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Clin Exp Immunol. 2013 May;172(2):300-10. doi: 10.1111/cei.12051.

Human T cells depend on functional calcineurin, tumour necrosis factor-α and CD80/CD86 for expansion and activation in mice.

Author information

1
Department of Immunopharmacology, Novo Nordisk A/S, Måløv, Denmark. hris@novonordisk.com

Abstract

Dysregulated T cells are a hallmark of several autoimmune and inflammatory diseases; thus, models to study human T cells in vivo are advantageous, but limited by lacking insight into human T cell functionality in mice. Using non-obese diabetic (NOD), severe combined immunodeficient (SCID) or recombination activating gene-1 (RAG1)(-/-) and interleukin-2 receptor gamma-chain (IL-2Rγ)(-/-) mice reconstituted with human peripheral blood mononuclear cells (PBMCs), we have studied the mechanisms of human T cell expansion and activation in mice. Injection of human PBMCs into mice caused consistent xeno-engraftment with polyclonal expansion and activation of functional human T cells and production of human cytokines. Human T cell expansion coincided with development of a graft-versus-host disease (GVHD)-like condition observed as weight loss, multi-organ immune infiltration and liver damage. CD8(+) T cells alone were sufficient for expansion and required for disease development; in contrast, CD4(+) T cells alone expanded but did not induce acute disease and, rather, exerted regulatory capacity through CD25(+)CD4(+) T cells. Using various anti-inflammatory compounds, we demonstrated that several T cell-activation pathways controlled T cell expansion and disease development, including calcineurin-, tumour necrosis factor-α and co-stimulatory signalling via the CD80/CD86 pathway, indicating the diverse modes of action used by human T cells during expansion and activation in mice as well as the pharmacological relevance of this model. Overall, these data provide insight into the mechanisms used by human T cells during expansion and activation in mice, and we speculate that PBMC-injected mice may be useful to study intrinsic human T cell functions in vivo and to test T cell-targeting compounds.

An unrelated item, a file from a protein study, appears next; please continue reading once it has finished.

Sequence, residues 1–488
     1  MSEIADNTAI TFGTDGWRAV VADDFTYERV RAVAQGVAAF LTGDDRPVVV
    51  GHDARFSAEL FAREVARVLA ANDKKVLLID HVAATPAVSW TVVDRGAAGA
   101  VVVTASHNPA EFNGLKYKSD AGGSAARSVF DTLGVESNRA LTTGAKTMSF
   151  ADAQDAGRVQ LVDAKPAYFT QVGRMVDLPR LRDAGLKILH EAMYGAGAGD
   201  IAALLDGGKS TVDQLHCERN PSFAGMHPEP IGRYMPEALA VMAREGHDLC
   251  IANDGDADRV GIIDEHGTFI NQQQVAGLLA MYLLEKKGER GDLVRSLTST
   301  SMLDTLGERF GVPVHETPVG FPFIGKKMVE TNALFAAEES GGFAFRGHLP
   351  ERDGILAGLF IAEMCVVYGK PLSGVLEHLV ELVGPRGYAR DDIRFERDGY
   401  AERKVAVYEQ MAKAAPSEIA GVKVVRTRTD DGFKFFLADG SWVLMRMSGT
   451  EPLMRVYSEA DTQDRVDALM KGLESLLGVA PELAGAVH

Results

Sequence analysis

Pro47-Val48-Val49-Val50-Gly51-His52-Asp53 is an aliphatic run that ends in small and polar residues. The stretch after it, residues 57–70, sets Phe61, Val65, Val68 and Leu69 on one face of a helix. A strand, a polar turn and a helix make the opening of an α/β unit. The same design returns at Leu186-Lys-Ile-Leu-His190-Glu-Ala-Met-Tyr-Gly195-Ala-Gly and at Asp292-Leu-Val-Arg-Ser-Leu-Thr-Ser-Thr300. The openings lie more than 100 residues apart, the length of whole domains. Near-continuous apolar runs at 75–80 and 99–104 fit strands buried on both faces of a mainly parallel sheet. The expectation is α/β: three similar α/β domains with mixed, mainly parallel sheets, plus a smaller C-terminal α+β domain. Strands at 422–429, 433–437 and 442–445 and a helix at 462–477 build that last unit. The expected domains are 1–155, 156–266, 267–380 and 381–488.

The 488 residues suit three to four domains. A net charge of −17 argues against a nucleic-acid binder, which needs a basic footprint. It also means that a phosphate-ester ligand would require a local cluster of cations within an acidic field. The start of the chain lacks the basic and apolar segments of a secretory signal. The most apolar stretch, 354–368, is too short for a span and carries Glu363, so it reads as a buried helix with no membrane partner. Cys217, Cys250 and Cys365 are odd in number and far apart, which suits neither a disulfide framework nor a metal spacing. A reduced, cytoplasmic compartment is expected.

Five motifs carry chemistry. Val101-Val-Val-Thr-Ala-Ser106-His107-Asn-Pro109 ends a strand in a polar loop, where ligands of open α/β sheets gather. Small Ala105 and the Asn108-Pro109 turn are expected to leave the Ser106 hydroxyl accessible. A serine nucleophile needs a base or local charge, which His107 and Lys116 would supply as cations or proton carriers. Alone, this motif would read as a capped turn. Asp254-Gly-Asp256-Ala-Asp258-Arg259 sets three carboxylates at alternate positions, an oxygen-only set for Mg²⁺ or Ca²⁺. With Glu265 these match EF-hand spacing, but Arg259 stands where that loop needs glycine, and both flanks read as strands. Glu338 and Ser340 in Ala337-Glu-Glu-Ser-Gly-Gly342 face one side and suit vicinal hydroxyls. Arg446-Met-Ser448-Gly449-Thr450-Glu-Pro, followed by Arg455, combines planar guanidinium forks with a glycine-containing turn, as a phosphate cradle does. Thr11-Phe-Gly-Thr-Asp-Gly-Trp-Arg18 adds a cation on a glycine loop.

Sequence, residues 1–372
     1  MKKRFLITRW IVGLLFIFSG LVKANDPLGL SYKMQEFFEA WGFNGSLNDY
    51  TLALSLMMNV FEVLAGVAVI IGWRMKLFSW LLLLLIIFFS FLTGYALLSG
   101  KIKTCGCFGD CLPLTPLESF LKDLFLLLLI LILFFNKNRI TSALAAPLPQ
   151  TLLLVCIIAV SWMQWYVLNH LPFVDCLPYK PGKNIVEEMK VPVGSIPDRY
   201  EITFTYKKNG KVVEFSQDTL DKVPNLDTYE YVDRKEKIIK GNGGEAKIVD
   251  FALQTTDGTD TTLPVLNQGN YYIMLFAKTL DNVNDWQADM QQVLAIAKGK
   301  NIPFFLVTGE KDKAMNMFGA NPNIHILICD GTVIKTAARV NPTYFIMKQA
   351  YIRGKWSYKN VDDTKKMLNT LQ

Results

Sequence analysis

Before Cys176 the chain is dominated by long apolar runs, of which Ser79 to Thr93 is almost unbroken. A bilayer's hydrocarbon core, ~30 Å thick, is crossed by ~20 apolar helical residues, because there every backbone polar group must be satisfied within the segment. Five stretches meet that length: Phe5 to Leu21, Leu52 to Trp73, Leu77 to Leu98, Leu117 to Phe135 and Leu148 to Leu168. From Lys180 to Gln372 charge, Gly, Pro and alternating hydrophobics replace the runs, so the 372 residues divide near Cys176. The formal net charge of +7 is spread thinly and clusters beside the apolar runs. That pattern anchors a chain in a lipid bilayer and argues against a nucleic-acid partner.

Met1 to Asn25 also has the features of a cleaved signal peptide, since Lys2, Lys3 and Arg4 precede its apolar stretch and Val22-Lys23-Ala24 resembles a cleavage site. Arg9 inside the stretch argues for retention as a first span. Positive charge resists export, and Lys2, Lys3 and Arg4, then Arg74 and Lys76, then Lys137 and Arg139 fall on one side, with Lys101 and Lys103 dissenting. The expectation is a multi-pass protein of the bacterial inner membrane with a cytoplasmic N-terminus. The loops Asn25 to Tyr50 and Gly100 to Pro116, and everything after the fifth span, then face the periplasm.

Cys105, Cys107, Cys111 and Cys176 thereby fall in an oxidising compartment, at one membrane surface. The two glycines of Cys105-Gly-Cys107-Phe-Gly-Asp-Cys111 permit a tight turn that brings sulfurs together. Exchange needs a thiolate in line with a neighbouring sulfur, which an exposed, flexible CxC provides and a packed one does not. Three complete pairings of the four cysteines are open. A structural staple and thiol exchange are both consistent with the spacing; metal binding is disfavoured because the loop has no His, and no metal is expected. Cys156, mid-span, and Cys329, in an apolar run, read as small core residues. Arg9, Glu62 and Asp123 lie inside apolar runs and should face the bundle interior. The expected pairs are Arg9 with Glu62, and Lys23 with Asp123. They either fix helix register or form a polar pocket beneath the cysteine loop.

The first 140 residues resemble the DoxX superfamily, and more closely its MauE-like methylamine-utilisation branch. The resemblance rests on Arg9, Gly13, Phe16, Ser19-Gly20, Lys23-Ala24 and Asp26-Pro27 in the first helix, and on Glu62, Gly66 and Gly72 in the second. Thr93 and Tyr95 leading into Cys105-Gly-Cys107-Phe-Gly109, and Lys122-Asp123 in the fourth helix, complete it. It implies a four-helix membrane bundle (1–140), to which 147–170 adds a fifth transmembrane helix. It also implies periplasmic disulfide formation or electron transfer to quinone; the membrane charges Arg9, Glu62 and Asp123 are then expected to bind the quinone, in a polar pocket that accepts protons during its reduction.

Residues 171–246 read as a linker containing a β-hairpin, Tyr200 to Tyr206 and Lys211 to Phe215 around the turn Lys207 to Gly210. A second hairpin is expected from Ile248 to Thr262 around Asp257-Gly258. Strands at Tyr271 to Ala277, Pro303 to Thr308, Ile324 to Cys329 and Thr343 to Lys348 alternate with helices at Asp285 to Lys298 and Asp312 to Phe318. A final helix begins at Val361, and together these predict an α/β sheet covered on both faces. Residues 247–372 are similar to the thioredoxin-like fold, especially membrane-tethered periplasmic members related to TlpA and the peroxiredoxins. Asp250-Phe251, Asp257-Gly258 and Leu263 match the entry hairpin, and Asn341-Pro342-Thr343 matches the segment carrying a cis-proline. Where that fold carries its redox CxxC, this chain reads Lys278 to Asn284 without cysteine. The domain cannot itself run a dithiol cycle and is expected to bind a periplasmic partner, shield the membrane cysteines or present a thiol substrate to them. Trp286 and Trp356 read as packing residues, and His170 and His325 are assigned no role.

PMID:
23574326
PMCID:
PMC3628332
DOI:
10.1111/cei.12051
[Indexed for MEDLINE]
Free PMC Article

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